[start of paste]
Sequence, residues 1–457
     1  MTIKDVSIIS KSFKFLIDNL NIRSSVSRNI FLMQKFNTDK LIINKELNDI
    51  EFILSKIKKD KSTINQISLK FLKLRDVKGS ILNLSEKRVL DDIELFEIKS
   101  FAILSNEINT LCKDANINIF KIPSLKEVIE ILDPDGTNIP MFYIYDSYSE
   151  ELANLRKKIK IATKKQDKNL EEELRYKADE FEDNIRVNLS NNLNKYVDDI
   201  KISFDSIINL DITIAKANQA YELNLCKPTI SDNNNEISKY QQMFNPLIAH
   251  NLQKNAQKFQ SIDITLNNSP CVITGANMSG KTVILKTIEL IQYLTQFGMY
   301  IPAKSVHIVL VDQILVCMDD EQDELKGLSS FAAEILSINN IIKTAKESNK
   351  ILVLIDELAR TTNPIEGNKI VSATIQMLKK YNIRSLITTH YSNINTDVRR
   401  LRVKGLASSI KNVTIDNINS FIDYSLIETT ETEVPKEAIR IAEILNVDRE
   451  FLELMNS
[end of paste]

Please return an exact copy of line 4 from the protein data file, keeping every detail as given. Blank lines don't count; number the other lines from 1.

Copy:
   101  FAILSNEINT LCKDANINIF KIPSLKEVIE ILDPDGTNIP MFYIYDSYSE